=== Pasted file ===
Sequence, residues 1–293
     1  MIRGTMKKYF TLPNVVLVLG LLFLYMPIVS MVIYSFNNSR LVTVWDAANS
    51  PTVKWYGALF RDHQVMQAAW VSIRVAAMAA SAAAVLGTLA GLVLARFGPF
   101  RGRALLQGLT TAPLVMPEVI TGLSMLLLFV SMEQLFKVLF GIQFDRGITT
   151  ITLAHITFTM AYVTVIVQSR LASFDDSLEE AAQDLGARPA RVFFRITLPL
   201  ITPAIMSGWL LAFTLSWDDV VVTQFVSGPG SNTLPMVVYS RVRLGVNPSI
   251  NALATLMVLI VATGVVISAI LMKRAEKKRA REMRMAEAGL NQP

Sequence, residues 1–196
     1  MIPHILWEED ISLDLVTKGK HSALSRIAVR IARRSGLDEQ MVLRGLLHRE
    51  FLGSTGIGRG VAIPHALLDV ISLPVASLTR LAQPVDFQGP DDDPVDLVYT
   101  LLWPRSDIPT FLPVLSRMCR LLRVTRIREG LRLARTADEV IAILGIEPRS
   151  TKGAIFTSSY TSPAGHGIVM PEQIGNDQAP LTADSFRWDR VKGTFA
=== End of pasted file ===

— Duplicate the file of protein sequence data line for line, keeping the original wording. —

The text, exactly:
Sequence, residues 1–293
     1  MIRGTMKKYF TLPNVVLVLG LLFLYMPIVS MVIYSFNNSR LVTVWDAANS
    51  PTVKWYGALF RDHQVMQAAW VSIRVAAMAA SAAAVLGTLA GLVLARFGPF
   101  RGRALLQGLT TAPLVMPEVI TGLSMLLLFV SMEQLFKVLF GIQFDRGITT
   151  ITLAHITFTM AYVTVIVQSR LASFDDSLEE AAQDLGARPA RVFFRITLPL
   201  ITPAIMSGWL LAFTLSWDDV VVTQFVSGPG SNTLPMVVYS RVRLGVNPSI
   251  NALATLMVLI VATGVVISAI LMKRAEKKRA REMRMAEAGL NQP

Sequence, residues 1–196
     1  MIPHILWEED ISLDLVTKGK HSALSRIAVR IARRSGLDEQ MVLRGLLHRE
    51  FLGSTGIGRG VAIPHALLDV ISLPVASLTR LAQPVDFQGP DDDPVDLVYT
   101  LLWPRSDIPT FLPVLSRMCR LLRVTRIREG LRLARTADEV IAILGIEPRS
   151  TKGAIFTSSY TSPAGHGIVM PEQIGNDQAP LTADSFRWDR VKGTFA